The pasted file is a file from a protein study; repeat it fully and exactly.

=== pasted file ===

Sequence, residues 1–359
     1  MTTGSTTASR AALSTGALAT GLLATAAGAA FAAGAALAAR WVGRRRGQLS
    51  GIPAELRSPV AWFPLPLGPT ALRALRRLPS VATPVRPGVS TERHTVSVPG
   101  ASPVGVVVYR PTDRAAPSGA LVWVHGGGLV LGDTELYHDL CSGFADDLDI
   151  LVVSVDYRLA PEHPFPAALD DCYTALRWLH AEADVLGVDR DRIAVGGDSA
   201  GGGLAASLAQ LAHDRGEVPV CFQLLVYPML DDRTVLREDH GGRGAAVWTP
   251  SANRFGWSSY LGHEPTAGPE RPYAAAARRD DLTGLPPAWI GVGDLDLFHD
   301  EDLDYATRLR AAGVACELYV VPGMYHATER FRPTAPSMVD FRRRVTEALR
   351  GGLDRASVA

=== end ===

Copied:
Sequence, residues 1–359
     1  MTTGSTTASR AALSTGALAT GLLATAAGAA FAAGAALAAR WVGRRRGQLS
    51  GIPAELRSPV AWFPLPLGPT ALRALRRLPS VATPVRPGVS TERHTVSVPG
   101  ASPVGVVVYR PTDRAAPSGA LVWVHGGGLV LGDTELYHDL CSGFADDLDI
   151  LVVSVDYRLA PEHPFPAALD DCYTALRWLH AEADVLGVDR DRIAVGGDSA
   201  GGGLAASLAQ LAHDRGEVPV CFQLLVYPML DDRTVLREDH GGRGAAVWTP
   251  SANRFGWSSY LGHEPTAGPE RPYAAAARRD DLTGLPPAWI GVGDLDLFHD
   301  EDLDYATRLR AAGVACELYV VPGMYHATER FRPTAPSMVD FRRRVTEALR
   351  GGLDRASVA